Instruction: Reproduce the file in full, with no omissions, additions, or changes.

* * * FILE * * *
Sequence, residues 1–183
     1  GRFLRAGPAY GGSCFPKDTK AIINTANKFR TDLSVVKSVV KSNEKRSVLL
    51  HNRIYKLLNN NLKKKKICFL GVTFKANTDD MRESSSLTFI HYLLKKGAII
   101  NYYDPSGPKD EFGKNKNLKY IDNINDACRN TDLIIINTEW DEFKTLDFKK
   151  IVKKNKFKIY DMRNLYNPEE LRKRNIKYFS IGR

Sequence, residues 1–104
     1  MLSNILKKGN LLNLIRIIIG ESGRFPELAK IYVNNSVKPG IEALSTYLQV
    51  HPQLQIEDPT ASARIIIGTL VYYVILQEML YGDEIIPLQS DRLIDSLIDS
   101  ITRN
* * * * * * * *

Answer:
Sequence, residues 1–183
     1  GRFLRAGPAY GGSCFPKDTK AIINTANKFR TDLSVVKSVV KSNEKRSVLL
    51  HNRIYKLLNN NLKKKKICFL GVTFKANTDD MRESSSLTFI HYLLKKGAII
   101  NYYDPSGPKD EFGKNKNLKY IDNINDACRN TDLIIINTEW DEFKTLDFKK
   151  IVKKNKFKIY DMRNLYNPEE LRKRNIKYFS IGR

Sequence, residues 1–104
     1  MLSNILKKGN LLNLIRIIIG ESGRFPELAK IYVNNSVKPG IEALSTYLQV
    51  HPQLQIEDPT ASARIIIGTL VYYVILQEML YGDEIIPLQS DRLIDSLIDS
   101  ITRN